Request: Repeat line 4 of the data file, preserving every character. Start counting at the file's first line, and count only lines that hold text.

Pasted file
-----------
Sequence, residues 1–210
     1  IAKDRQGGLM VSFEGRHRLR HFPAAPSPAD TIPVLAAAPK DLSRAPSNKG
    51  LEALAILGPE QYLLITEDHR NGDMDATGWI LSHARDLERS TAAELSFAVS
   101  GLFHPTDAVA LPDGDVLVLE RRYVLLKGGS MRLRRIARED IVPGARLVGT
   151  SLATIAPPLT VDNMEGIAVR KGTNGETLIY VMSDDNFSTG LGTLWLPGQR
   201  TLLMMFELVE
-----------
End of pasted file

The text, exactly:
   101  GLFHPTDAVA LPDGDVLVLE RRYVLLKGGS MRLRRIARED IVPGARLVGT